Over just the past 15 years, migratory passerine songbirds that breed in California have already shifted their range to higher elevations in response to a warming climate, researchers found.
“Working for a state agency, we’re really interested in applied research, so we need information over large spatial extents for many species over long time periods to really help us to inform conservation and management,” said Brett Furnas, a senior environmental scientist with the California Department of Fish and Wildlife’s Wildlife Investigations Laboratory. Furnas, a TWS member, is the sole author of the study published in Biological Conservation.
In the study, Furnas collected data to determine where neotropical migratory bird species have bred over the last 15 years throughout 40% of conifer forests in California. To estimate the probability of bird species occupying different areas, Furnas’s team hiked into the forest and set up sound recorders in the spring and early summer to capture morning calls by passerines to advertise territories and attract mates.
Experts listened to the recordings and took note of the species present during five-minute periods for each year. “It has been time-consuming work, but machine learning is starting to make the task easier and quicker,” Furnas said.
Furnas found species declined in lower elevations and moved uphill, where they found themselves competing for limited terrain. “If you think of mountains as a triangle, as you move up, there’s less area to squeeze all the birds in,” he said. Furnas found winners and losers amid climate change in California. The olive-side flycatchers (Contopus cooperi) were among the losers, moving to higher elevations and dropping in number. It’s likely that their long migration exhausted them, making it harder to cope with warmer weather, search for food at higher altitudes and reproduce, he said.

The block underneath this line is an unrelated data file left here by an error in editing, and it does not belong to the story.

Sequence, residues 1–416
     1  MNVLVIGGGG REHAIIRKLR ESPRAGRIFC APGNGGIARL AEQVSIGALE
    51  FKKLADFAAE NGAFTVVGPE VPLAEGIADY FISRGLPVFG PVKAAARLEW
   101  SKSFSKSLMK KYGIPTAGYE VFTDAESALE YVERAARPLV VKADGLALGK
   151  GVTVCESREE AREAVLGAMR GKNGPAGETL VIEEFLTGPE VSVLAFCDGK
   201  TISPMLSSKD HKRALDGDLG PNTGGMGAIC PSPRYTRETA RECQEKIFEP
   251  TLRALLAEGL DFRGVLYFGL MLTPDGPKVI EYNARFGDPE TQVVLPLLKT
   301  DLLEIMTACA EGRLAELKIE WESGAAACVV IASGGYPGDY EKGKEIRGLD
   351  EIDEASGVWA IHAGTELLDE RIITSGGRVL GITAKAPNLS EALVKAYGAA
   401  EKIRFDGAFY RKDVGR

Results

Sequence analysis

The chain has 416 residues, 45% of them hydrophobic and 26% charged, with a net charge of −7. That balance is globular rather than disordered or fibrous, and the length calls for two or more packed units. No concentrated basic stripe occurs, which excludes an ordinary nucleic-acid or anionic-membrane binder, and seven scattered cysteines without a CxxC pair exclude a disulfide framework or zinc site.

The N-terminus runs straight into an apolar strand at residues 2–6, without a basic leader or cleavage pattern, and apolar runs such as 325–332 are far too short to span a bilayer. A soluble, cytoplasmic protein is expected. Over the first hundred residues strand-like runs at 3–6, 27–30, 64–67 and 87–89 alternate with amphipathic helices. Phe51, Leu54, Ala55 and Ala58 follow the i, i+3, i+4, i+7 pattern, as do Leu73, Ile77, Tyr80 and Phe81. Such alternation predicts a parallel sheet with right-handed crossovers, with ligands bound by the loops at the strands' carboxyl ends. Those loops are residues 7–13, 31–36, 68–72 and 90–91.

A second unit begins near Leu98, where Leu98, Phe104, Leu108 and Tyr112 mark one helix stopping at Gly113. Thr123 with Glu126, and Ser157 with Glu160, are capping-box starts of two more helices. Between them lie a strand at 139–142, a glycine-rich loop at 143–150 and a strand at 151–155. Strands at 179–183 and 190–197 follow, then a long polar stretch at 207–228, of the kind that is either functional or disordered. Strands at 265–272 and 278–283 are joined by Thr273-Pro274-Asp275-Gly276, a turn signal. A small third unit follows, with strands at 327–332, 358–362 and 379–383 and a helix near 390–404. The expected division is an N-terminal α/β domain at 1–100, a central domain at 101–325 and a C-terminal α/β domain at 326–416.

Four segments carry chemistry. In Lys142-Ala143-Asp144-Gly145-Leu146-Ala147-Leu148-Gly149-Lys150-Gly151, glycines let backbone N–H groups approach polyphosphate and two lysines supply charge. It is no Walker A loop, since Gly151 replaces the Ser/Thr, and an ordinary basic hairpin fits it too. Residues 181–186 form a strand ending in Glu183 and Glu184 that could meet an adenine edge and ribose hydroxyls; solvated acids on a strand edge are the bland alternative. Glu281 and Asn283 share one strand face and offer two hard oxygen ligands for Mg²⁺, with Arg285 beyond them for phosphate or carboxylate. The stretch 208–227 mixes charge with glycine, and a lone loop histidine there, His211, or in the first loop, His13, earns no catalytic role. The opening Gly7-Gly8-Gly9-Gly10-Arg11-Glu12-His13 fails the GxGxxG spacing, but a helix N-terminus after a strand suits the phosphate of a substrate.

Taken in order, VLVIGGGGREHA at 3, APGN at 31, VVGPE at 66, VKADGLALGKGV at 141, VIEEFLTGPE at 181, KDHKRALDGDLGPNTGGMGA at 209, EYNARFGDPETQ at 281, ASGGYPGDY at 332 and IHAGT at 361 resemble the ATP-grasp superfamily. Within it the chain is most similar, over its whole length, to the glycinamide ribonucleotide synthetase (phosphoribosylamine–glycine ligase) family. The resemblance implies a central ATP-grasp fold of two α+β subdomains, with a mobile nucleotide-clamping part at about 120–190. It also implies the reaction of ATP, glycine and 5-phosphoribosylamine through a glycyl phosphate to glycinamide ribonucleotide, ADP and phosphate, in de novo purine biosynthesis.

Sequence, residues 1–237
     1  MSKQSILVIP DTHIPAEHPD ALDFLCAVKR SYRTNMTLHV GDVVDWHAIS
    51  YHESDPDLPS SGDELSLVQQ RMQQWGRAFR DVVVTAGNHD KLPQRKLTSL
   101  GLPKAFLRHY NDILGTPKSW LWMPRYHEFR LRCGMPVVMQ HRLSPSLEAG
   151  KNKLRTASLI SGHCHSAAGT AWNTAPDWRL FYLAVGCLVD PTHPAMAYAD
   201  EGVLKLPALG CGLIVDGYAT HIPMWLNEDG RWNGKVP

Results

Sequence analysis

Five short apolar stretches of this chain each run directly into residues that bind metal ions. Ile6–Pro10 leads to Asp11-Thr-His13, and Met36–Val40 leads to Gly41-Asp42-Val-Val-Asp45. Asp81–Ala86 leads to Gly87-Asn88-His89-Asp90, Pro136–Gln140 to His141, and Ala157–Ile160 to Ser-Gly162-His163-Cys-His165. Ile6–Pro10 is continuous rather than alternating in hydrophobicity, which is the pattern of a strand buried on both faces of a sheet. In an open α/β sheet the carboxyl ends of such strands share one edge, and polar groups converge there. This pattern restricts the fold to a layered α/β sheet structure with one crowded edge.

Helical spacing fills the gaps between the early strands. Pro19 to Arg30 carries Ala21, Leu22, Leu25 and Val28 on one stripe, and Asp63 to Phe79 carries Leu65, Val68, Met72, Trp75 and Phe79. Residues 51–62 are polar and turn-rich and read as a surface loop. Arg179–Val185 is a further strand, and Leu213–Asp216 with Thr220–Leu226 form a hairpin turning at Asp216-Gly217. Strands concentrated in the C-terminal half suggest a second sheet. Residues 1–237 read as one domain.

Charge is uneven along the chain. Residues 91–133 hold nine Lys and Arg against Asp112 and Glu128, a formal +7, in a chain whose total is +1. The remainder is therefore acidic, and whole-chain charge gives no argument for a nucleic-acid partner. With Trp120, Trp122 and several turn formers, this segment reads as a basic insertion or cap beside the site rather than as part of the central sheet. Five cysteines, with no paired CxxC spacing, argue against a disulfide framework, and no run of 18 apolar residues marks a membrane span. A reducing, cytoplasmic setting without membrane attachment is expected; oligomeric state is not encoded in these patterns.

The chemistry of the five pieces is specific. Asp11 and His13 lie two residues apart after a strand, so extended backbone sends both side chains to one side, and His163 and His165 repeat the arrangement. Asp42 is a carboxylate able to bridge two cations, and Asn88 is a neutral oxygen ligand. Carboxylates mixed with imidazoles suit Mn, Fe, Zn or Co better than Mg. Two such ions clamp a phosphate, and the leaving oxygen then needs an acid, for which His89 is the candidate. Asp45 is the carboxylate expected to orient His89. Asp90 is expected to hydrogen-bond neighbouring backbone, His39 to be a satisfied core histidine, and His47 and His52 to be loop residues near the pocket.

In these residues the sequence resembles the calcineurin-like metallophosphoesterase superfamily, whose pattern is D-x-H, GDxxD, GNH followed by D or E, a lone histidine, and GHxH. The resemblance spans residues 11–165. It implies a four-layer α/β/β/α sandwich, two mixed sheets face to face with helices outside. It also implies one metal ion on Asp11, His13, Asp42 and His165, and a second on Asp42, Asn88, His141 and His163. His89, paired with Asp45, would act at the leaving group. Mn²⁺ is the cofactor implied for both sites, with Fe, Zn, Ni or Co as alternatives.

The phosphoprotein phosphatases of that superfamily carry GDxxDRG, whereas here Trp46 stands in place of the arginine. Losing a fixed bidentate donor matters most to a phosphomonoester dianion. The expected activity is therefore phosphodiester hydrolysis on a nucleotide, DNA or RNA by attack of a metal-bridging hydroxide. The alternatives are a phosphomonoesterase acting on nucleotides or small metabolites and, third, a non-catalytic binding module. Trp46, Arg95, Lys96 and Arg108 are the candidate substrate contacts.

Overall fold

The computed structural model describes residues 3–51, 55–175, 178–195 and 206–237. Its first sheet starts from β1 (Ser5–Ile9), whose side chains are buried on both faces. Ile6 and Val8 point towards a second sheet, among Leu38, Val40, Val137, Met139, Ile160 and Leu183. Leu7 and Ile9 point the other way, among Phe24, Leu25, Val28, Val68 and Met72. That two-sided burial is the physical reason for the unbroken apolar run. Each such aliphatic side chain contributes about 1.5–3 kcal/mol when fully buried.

Neotropical migrant birds have to travel a long way, Furnas said, flying from as far as Mexico and Central and South America. “They’re shifting upslope to compensate for climate but are not doing well, with decreasing numbers among the most vulnerable species.”
Other species, like the Townsend’s solitaire (Myadestes townsendi), were increasing with the expansion of western juniper over the past century and were less likely to shift upward. And overall, the research showed an increase in species richness, suggesting some overall resilience, he said.
“This gives us a really good example of specific winners and losers for informing which birds my department should be concerned about,” he said.
|Dana Kobilinsky is associate editor at The Wildlife Society. Contact her at firstname.lastname@example.org with any questions or comments about her article. You can follow her on Twitter at @DanaKobi.|
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